Currency Risk – What it is, Samples & How to Manage it


Currency risk impacts companies and investors alike. It can create unpredictable profits and losses out of the control of involved parties. To mitigate currency risk, two parties may enter a currency risk-sharing agreement, or an investor may seek to compensate for added risk in foreign investments, with a currency risk premium. Market participants exposed to currency risk can mitigate it with derivative contracts, like futures and options, or with Forex.

Understanding the definition of currency risk can help in the deployment of risk management strategies to mitigate exposure. All investors, but particularly those with international exposure must prioritize the mitigation of currency risk when making investment decisions. This is especially true when buying and selling bonds, since gains are significantly smaller for bond investments, which magnifies the impact of currency risk.

Currency risk arises from currency fluctuations and impacts businesses and investors when they convert a foreign currency to their domestic currency. Examples include bond investors receiving coupon payments in a foreign currency or domestic companies with foreign earnings reporting them in their domestic currency.

  • Economic risk: This refers primarily to inflation, GDP, and the debt-to-GDP ratio, which often precedes inflationary pressures and results in notable currency fluctuations
  • Monetary policy risk: This relates to economic and inflationary changes or instances when a foreign currency remains pegged to another currency
  • Transaction risk – This refers to the risk companies face when buying and selling across jurisdictions that have different currencies, and they are paying with their domestic currency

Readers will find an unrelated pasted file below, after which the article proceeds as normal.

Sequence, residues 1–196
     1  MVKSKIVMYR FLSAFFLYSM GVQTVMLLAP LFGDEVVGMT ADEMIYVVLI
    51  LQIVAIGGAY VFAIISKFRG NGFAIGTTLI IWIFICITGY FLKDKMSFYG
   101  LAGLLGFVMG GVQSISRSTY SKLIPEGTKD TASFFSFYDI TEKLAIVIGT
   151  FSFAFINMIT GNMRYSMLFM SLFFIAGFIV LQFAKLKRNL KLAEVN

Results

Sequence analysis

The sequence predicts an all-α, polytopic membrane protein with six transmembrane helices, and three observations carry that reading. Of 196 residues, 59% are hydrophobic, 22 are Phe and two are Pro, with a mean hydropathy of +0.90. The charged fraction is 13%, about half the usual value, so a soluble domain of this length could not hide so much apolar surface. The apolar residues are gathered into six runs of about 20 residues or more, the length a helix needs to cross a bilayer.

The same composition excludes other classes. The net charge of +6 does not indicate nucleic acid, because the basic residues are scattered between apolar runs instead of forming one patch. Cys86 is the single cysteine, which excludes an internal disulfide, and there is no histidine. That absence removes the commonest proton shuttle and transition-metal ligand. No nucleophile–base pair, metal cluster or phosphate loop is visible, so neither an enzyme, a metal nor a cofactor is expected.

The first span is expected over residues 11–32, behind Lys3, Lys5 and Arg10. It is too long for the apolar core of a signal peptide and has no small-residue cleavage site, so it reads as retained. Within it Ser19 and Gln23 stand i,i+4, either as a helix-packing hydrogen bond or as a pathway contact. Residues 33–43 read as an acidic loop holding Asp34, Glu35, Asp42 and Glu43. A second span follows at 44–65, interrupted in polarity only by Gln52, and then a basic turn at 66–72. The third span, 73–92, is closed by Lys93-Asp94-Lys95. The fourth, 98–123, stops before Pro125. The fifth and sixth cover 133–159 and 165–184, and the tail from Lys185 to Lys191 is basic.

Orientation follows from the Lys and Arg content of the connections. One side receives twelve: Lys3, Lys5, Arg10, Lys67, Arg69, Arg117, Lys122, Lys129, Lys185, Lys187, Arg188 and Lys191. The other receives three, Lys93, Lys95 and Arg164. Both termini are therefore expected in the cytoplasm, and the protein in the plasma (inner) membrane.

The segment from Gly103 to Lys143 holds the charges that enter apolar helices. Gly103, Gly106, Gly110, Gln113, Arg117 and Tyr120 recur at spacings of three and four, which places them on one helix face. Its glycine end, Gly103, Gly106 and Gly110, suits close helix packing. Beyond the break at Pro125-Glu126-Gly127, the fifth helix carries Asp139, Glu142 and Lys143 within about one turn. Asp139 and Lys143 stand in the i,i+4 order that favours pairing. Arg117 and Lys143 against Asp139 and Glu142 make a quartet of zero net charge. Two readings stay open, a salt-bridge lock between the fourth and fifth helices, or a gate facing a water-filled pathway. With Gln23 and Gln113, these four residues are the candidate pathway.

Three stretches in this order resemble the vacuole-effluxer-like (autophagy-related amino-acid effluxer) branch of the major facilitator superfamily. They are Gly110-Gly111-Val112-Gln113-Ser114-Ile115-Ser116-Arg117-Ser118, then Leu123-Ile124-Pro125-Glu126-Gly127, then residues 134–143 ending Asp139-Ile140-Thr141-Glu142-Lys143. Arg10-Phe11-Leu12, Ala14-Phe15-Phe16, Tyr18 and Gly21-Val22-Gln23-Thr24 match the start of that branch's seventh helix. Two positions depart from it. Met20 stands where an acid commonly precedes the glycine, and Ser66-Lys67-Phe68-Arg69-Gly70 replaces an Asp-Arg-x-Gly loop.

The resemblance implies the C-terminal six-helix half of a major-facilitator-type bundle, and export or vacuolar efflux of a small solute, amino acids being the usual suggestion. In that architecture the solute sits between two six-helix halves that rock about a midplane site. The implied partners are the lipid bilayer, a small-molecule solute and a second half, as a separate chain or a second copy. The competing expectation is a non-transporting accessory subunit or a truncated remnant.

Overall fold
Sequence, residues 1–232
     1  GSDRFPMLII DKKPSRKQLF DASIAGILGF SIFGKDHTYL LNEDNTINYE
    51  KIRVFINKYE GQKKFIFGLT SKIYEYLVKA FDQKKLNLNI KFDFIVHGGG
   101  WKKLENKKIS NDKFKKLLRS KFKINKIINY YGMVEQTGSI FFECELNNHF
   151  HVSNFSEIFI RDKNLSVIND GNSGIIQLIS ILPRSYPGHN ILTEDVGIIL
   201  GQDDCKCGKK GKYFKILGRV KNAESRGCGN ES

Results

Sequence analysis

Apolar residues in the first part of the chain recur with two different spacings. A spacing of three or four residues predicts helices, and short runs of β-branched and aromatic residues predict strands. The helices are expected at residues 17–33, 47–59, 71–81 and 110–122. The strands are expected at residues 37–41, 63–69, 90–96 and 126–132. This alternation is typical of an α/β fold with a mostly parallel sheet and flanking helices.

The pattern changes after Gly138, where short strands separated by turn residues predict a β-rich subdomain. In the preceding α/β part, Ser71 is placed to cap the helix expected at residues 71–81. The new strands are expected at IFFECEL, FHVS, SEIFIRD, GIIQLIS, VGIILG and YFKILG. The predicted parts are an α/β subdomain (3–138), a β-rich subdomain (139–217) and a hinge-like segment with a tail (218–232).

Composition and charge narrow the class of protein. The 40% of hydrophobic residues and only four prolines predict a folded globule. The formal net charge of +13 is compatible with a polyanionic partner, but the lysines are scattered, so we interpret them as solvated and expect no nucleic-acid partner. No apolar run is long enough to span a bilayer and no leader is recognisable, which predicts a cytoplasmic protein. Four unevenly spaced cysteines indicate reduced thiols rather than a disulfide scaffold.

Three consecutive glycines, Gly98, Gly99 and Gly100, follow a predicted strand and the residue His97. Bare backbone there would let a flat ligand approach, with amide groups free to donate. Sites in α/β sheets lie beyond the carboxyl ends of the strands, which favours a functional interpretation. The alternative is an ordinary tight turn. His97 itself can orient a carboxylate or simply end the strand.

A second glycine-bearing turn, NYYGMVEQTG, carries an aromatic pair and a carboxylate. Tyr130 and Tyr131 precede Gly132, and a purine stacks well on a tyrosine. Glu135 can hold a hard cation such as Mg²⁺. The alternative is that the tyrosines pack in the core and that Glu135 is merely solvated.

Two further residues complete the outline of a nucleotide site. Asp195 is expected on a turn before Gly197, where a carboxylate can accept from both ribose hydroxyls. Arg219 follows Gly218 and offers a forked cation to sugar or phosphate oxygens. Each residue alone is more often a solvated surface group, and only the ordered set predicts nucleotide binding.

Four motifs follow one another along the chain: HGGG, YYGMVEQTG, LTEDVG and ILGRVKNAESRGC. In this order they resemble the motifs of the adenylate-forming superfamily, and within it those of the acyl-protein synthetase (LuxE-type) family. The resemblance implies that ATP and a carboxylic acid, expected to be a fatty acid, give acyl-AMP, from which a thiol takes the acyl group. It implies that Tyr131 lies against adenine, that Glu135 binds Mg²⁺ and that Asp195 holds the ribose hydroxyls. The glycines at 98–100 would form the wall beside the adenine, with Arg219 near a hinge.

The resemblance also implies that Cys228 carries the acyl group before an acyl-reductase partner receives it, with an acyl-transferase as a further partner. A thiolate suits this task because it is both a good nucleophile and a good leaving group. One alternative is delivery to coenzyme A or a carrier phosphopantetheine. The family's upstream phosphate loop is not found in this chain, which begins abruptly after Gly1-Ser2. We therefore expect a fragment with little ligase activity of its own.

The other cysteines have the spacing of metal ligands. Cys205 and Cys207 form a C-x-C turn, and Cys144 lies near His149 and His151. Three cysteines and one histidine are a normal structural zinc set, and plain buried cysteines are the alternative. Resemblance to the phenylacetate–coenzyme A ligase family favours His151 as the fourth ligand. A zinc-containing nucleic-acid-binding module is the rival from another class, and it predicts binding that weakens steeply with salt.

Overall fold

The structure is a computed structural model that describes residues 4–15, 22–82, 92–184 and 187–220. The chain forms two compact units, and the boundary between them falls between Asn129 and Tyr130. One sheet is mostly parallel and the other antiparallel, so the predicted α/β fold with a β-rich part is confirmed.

• Translation risk – This applies to domestic companies with sales in foreign countries who must report earnings in their domestic currency, or international bond investors who receive coupon payments in a foreign currency and convert them to their domestic currency

Currency risk gained momentum during the 1994 Mexican Peso Crisis, where the Mexican government aggressively devalued the Mexican Peso against the US Dollar. The Latin American debt crisis of the 1980s served as a precursor. Most economies carried excessive debt and could not repay it, depressing economic activity, spiking unemployment, and causing a drop in wages and spending power. This resulted in massive currency devaluations and losses for foreign investors related to currency risk.

The 1997 Asian Financial Crisis, sparked by the collapse of the Thai Baht, resulted in a contagion event across Asia except for China. This contagion intensified the focus on currency risk as the global economy became more integrated, creating interdependencies, and the decentralized 24/5 OTC Forex market evolved as a result.

The below currency risk calculation for a British investor buying Canadian securities will illustrate the currency risk definition and actual return.

Assume the following:

  • Initial investment of £10,000
  • GBP/CAD exchange rate at purchase of 1.5500
  • Duration of three years
  • GBP/CAD exchange rate at the end of investment of 1.7500
  • Return on Investment of 12.00%


  • £10,000 (initial investment) x 1.5500 (GBP/CAD exchange rate) = C$15,500 (value of investment in Canadian Dollars)
  • C$15,500 + 12% (ROI) = C$17,360 (value of investment after three years in Canadian Dollars)